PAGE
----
This Kentucky Cabin Features Four Custom Mosaics from InsideOut Studio

Hamilton’s InsideOut Studio works with adult artists with disabilities to produce and commission specialty works.

By the time the McLarens’ Bracken County cabin is finished, it will feature four custom mosaic projects, all created by the artists at InsideOut Studio in Hamilton.

At InsideOut, adult artists with disabilities learn and practice artistic techniques. The studio sells finished pieces, then pays the artist 50 percent of the profits. But InsideOut takes commissioned pieces, too, which is how the McLarens learned about the studio.

“We like stained glass. We like mosaics, but the price of some of the mosaics we had looked at were just out of our range,” says Ginny McLaren, who lives mostly in Fort Thomas, Kentucky. The Bracken County cabin is more of a getaway. When the couple learned about InsideOut, they made a trip to the studio and quickly realized that the studio’s artists could provide exactly what the McLarens wanted.

So far, the couple has commissioned four projects for the cabin.

The Three Little Pigs

First came the mosaic in the grandkids’ room, inspired by the McLarens’ grandson, Oliver, who loves the big bad wolf.


Tim McLaren instructed that he wanted a mural—specifically in the shape of a triangle, to fit the space near the ceiling of the second-floor, loft bedroom—of the Three Little Pigs. And that’s about all the guidance he provided.

“I give their artists free rein,” Tim says. He told Inside out, “I just want the big bad wolf and the three little pigs [and the] brick, straw, and stick houses. They do a fantastic job of turning that into reality.”

The finished piece depicts a cheerful wolf on a walk to visit the three worried pigs and their homes. On the ceiling adjacent to the mural, Tim painted a collection of rainbows and clouds, that bear the grandkids’ names.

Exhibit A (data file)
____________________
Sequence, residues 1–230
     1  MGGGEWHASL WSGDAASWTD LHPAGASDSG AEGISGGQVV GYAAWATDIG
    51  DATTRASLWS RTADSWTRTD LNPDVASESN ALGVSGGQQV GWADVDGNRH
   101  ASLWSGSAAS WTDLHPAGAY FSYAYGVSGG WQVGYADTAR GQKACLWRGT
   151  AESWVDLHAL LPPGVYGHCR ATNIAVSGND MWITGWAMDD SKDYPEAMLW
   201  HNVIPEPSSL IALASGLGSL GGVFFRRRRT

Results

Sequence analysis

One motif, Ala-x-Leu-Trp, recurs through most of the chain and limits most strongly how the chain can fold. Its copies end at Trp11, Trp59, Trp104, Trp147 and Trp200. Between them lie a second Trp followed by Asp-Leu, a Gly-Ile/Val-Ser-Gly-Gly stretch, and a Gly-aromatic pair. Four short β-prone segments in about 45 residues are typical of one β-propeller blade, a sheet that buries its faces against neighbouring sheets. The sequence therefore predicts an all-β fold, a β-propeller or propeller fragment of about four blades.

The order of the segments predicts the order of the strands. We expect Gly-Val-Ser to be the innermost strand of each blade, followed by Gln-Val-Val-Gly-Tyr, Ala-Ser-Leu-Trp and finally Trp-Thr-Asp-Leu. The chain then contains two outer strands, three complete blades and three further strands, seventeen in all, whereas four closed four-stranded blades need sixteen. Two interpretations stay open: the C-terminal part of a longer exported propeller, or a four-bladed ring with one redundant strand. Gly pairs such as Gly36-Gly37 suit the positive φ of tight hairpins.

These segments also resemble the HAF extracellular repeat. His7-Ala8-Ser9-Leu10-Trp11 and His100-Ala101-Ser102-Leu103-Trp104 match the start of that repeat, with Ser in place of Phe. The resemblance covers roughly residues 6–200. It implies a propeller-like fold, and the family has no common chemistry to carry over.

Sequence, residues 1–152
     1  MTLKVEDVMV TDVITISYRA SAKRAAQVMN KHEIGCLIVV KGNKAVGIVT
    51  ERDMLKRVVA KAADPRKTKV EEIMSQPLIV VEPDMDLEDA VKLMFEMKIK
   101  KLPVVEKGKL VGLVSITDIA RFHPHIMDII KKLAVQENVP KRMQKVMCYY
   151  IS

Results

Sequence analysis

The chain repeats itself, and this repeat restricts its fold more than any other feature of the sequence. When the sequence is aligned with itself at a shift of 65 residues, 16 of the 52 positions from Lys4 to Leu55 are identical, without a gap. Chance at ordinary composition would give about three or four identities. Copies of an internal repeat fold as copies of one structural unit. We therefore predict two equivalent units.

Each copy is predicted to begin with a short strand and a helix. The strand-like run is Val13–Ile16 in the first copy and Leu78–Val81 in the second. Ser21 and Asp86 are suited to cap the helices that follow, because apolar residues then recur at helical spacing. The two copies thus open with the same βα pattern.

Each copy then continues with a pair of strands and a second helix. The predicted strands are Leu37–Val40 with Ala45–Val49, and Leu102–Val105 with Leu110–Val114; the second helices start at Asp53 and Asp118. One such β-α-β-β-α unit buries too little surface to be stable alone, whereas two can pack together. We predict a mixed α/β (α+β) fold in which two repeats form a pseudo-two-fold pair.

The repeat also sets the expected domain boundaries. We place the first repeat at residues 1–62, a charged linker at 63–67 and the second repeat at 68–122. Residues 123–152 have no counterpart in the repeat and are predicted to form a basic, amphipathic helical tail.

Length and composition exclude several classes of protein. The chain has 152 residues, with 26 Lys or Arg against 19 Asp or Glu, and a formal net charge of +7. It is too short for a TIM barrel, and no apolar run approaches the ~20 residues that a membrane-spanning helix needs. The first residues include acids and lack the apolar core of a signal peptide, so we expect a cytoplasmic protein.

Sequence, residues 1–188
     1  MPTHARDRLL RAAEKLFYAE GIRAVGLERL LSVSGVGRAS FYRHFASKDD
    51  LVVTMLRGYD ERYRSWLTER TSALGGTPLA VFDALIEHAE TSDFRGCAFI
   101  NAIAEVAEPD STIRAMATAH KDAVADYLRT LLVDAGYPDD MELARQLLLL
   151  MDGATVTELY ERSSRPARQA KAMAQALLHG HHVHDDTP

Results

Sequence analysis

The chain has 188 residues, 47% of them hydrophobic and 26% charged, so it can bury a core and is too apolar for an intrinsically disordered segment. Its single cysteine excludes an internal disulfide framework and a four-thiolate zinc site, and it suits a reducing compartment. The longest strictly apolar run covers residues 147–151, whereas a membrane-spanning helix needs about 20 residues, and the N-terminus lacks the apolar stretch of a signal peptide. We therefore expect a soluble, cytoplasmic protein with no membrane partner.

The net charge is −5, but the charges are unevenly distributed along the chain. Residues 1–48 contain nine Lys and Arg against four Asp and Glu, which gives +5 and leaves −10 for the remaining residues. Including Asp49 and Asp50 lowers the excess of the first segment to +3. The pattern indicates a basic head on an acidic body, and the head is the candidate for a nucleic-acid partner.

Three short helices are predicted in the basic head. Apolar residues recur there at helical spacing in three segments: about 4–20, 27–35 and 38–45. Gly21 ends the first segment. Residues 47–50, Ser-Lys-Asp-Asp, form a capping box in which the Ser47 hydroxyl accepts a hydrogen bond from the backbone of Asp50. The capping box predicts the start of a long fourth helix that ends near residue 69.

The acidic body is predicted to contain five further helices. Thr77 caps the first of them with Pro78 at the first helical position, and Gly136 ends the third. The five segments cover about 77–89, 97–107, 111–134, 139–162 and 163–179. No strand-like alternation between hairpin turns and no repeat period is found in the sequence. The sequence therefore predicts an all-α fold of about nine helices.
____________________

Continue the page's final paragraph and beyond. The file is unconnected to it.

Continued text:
Rolling on the River

If the first mural was for the grandkids, the second was decidedly Tim’s. He’s a fan of the Delta Queen steamboat and Belle of Cincinnati riverboat, so he had the InsideOut artists add their designs of the boats to the outdoor portion of the chimney.


The McLarens constructed other details, like faux stone rockwork to represent the Ohio River, so it looks like the two boats are passing each other.

“We managed to put some stuff together above the boats to make it look like the sky and hillsides of Clermont County,” Tim says. “The back of chimney is supposed to look like the view you can see from the cabin.”

The Fireplace Mural

The third piece the McLarens ordered from InsideOut is the crown jewel. This is the one with the history—and the heft.

The project started 14 years ago. Tim wanted the fireplace to tell a story, in mosaic form. He calls it the Tree of Life.

“The whole cabin itself, we think, needs to be somewhat of a testimony for Christianity. There’s always good and evil, always temptation,” Tim says, and he wanted animals to represent these ideas. “I just gave [the artists] free reign to put in whatever they want. A cicada’s in there,” to represent summer 2021, when InsideOut finished the mural.

There’s also a deer and a bunny. An owl in a tree. A snake and some insects. The mural is built around work Tim previously completed on the fireplace, when he hung copper to form the tree’s branches and leaves. He estimates the completed piece is about 5 feet tall and 4 feet wide.

Relaxing with the Characters

The final commissioned pieces will be set at the base of a series of pillars under the back porch. Tim created a seating space on the patio and wanted to incorporate some children’s imagery in the space.

There’s Little Miss Muffet and the spider “who sat down beside her,” plus Huck Finn to fit in with the river theme from the chimney.

Eventually, the McLarens hope to move permanently to their vacation cabin. Ginny is retired, and when Tim retires, they plan to live in Bracken County full-time—and maybe open their home to the public.

“One of the dreams is for it to be a bed and breakfast someday,” Tim says. “That might only be a dream, or it might be a reality.”

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